char cpuBrandBuffer[cpuBrandBufferSize] = {};
__cpuid(cpuInfo, 0x80000000);
uint32_t extendedIds = cpuInfo[0];

// Get the information associated with each extended ID.
// Interpret CPU brand string.
for (uint32_t i = 0x80000000; i <= extendedIds; ++i) {
__cpuid(cpuInfo, i);
if (i == 0x80000002) {
memcpy(cpuBrandBuffer, cpuInfo, sizeof(cpuInfo));
} else if (i == 0x80000003) {
memcpy(cpuBrandBuffer + 16, cpuInfo, sizeof(cpuInfo));
} else if (i == 0x80000004) {
memcpy(cpuBrandBuffer + 32, cpuInfo, sizeof(cpuInfo));
}
}

// Copy result back to the dest buffer
size_t sourceLen = strlen(cpuBrandBuffer);
strncpy_s(dest, destLen, cpuBrandBuffer, sourceLen);

return(dest);
}

int main(int argc, char **args) {
char *cpuName = GetProcessorName();
printf("CPU Name: %s\n", cpuName);
free(cpuName); // Really i want a defer free(); function...
getchar();
return 0;
}

Edited by Finalspace

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4 hours ago, Finalspace said:

Changing to malloc solves that particular problem, but the removal of the condition (destBuffer == nullptr) was still there.

Is that a problem? The function many have been inlined.

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1 minute ago, KidsLoveSatan said:

Is that a problem? The function many have been inlined.

It might be, but there are no guarantee for that - even if it would use the "inline" keyword. Maybe with a forced inline, but this would require to change the api signature...

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Just now, Finalspace said:

It might be, but there are no guarantee for that - even if it would use the "inline" keyword. Maybe with a forced inline, but this would require to change the api signature...

That doesn't answer why is it a problem if the condition is optimized away?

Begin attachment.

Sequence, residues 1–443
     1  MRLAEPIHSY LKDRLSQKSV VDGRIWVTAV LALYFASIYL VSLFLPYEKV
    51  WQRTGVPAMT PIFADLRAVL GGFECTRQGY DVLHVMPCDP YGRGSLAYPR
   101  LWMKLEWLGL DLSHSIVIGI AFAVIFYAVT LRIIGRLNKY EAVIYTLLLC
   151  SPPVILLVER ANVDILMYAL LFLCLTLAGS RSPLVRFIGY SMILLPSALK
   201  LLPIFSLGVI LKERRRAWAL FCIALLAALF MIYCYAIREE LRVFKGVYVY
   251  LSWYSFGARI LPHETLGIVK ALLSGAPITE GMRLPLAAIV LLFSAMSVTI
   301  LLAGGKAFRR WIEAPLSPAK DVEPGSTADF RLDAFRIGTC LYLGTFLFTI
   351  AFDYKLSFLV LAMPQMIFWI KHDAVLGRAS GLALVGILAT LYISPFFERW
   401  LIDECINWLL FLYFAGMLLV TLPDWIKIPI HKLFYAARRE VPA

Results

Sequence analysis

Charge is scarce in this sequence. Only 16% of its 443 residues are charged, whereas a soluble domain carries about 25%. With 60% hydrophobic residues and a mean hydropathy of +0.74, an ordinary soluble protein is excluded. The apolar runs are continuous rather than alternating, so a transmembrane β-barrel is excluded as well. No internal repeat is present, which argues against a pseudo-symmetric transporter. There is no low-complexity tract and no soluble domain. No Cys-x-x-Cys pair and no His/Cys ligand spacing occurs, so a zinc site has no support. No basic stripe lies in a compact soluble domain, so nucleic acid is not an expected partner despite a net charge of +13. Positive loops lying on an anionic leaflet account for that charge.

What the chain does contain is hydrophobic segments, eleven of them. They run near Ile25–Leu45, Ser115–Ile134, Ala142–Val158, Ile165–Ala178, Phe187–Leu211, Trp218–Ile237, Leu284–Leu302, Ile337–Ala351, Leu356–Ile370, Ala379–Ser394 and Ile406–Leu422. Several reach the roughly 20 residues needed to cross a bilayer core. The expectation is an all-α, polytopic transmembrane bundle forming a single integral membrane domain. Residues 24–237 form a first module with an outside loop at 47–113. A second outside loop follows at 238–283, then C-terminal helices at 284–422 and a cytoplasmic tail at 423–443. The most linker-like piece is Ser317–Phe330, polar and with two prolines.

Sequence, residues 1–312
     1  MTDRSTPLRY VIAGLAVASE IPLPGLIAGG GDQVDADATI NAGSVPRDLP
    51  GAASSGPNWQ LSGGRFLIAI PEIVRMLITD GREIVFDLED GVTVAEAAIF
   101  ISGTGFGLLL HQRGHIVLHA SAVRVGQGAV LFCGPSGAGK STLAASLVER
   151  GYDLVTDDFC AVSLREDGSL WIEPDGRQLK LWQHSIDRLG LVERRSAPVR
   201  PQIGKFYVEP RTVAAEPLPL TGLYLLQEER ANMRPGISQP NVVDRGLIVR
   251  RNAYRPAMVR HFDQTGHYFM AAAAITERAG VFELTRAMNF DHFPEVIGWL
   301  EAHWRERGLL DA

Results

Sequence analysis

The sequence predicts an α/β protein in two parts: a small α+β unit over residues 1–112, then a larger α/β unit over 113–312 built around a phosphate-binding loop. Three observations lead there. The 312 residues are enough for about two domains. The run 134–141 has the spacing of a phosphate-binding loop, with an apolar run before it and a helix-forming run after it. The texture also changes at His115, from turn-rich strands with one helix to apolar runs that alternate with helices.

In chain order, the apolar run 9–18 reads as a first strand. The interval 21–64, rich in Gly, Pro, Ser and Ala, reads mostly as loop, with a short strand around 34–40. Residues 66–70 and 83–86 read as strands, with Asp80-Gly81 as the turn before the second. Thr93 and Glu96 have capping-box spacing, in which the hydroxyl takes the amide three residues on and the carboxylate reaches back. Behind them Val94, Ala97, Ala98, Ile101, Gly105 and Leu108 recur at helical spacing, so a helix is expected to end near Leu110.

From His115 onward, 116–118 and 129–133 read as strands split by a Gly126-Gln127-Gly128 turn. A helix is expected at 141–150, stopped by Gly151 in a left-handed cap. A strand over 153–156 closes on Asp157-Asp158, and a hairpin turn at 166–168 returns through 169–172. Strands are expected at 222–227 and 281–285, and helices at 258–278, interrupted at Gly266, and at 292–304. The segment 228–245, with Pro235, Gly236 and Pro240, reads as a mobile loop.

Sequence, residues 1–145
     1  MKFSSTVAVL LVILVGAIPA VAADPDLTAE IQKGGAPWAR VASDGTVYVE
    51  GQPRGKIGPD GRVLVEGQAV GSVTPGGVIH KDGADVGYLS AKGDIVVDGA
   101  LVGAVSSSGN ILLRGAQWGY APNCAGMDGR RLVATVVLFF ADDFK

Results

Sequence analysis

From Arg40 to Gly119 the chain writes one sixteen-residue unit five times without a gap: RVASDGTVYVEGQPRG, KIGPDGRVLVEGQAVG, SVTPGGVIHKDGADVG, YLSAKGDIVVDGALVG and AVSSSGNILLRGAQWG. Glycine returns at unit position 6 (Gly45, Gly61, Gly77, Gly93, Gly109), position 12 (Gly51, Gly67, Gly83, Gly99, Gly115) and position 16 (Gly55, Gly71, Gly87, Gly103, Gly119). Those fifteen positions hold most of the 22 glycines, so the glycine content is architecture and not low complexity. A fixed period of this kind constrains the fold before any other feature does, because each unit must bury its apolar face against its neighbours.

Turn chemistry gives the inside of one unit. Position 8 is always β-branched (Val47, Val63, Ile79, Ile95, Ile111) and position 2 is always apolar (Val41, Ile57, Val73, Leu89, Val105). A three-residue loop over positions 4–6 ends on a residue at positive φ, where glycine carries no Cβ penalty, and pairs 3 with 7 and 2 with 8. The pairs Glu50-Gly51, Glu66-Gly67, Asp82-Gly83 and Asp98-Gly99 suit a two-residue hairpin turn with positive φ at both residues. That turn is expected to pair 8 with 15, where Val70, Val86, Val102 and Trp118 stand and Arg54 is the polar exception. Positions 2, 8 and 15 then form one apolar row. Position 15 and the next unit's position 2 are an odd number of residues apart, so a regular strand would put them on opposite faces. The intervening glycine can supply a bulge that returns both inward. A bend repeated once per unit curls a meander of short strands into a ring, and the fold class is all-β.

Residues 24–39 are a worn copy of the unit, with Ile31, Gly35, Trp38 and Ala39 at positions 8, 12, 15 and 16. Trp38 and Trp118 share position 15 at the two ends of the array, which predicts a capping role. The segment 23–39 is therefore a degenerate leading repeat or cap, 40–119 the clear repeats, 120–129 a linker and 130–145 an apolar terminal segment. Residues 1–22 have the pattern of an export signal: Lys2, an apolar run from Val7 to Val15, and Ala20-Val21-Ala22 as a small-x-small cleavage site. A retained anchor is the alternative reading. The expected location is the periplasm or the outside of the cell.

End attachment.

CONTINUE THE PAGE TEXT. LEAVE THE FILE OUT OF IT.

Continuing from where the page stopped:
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1 minute ago, KidsLoveSatan said:

That doesn't answer why is it a problem if the condition is optimized away?

I have no idea why the condition is optimized away... maybe because of the default argument of nullptr and zero for the destination length?

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Just now, Finalspace said:

I have no idea why the condition is optimized away... maybe because of the default argument of nullptr and zero for the destination length?

I compiled your code with /O2 and the function is being inlined, if I turn off function inlining a number of variables are optimized away. I don't see why you have a problem with it, to me it's working as it should.

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In your original code, "destLen" isn't used outside of assignment and the assert though, so the compiler will totally optimize that away. It should still enter the branch and assign the destBuffer though, are you sure that didn't happen as well?

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1 hour ago, Juliean said:

In your original code, "destLen" isn't used outside of assignment and the assert though, so the compiler will totally optimize that away. It should still enter the branch and assign the destBuffer though, are you sure that didn't happen as well?

I debugged it in visual studio 2015 and it fully jumps to the allocation directly. Its not inlined, i havent enabled aggresive inline rules.

I think i know what happened, the branch is not compiled out - but rather moved/rearranged, so the comparison is not on the same line anymore. Looking at the disassembly output should make that clear.

So the problem was definitly the alloca() allocating memory on the current stack frame, then leaving the function and then throwing it away. Depending on the inlining of a function is not a good idea i think. Inlining should simply help make your code faster by removing function calls - but it should never change the actual result.

I hate switching between low level and high level languages all the time, so you forget such fundamental things.

Edited by Finalspace